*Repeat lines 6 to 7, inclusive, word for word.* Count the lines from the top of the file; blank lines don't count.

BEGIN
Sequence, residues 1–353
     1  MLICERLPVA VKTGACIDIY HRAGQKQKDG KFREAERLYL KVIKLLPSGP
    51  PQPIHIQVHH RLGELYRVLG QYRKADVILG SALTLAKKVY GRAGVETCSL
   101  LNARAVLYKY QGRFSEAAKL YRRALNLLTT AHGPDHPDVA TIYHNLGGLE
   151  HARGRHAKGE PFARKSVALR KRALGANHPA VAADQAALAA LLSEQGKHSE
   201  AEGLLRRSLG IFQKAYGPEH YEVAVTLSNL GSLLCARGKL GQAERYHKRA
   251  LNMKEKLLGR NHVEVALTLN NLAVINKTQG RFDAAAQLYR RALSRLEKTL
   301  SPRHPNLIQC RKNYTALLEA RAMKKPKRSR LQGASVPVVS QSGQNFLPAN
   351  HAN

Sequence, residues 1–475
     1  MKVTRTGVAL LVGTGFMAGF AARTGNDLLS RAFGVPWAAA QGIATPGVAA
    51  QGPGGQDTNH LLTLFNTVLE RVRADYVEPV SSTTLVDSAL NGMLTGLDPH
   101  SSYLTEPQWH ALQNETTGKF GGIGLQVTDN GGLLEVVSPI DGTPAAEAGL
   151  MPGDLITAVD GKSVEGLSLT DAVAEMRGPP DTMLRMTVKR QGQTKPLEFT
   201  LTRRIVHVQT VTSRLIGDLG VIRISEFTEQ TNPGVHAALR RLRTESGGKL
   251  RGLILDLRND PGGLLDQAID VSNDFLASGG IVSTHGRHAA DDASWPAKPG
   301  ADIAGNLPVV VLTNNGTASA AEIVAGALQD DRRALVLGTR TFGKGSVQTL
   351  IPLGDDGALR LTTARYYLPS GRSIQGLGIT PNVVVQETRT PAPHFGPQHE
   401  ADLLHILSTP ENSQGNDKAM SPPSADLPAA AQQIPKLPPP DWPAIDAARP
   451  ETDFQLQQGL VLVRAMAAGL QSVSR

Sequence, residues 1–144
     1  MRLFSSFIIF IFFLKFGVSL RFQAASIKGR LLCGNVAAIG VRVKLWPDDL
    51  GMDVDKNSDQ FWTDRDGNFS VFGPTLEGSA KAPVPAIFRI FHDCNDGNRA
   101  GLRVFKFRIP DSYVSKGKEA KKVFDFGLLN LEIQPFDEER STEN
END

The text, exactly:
   201  AEGLLRRSLG IFQKAYGPEH YEVAVTLSNL GSLLCARGKL GQAERYHKRA
   251  LNMKEKLLGR NHVEVALTLN NLAVINKTQG RFDAAAQLYR RALSRLEKTL